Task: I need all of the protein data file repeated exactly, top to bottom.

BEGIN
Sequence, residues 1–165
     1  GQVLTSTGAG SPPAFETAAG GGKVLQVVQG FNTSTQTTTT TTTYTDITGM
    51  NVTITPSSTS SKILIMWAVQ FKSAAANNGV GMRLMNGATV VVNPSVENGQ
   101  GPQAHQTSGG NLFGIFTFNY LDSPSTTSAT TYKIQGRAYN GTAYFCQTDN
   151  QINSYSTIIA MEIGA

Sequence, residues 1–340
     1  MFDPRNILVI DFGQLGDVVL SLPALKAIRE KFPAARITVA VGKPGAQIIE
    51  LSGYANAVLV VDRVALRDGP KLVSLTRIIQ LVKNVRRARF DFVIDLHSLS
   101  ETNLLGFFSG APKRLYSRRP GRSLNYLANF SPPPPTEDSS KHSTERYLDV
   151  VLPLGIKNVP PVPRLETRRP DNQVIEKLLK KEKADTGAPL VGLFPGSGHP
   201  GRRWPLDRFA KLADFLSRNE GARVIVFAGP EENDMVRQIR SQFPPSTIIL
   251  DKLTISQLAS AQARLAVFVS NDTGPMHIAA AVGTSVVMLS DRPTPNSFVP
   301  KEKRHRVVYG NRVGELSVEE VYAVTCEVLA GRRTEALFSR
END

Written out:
Sequence, residues 1–165
     1  GQVLTSTGAG SPPAFETAAG GGKVLQVVQG FNTSTQTTTT TTTYTDITGM
    51  NVTITPSSTS SKILIMWAVQ FKSAAANNGV GMRLMNGATV VVNPSVENGQ
   101  GPQAHQTSGG NLFGIFTFNY LDSPSTTSAT TYKIQGRAYN GTAYFCQTDN
   151  QINSYSTIIA MEIGA

Sequence, residues 1–340
     1  MFDPRNILVI DFGQLGDVVL SLPALKAIRE KFPAARITVA VGKPGAQIIE
    51  LSGYANAVLV VDRVALRDGP KLVSLTRIIQ LVKNVRRARF DFVIDLHSLS
   101  ETNLLGFFSG APKRLYSRRP GRSLNYLANF SPPPPTEDSS KHSTERYLDV
   151  VLPLGIKNVP PVPRLETRRP DNQVIEKLLK KEKADTGAPL VGLFPGSGHP
   201  GRRWPLDRFA KLADFLSRNE GARVIVFAGP EENDMVRQIR SQFPPSTIIL
   251  DKLTISQLAS AQARLAVFVS NDTGPMHIAA AVGTSVVMLS DRPTPNSFVP
   301  KEKRHRVVYG NRVGELSVEE VYAVTCEVLA GRRTEALFSR